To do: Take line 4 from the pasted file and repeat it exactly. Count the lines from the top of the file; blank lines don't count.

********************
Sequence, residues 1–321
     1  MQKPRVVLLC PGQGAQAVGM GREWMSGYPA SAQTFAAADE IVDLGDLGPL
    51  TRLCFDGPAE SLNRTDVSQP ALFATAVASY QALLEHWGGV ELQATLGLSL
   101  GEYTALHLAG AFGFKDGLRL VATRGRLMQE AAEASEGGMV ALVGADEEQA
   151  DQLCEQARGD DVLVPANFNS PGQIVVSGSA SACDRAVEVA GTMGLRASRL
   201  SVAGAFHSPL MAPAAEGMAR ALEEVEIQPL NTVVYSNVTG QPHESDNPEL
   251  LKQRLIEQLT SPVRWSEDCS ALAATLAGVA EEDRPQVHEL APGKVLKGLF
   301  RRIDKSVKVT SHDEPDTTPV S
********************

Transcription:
   101  GEYTALHLAG AFGFKDGLRL VATRGRLMQE AAEASEGGMV ALVGADEEQA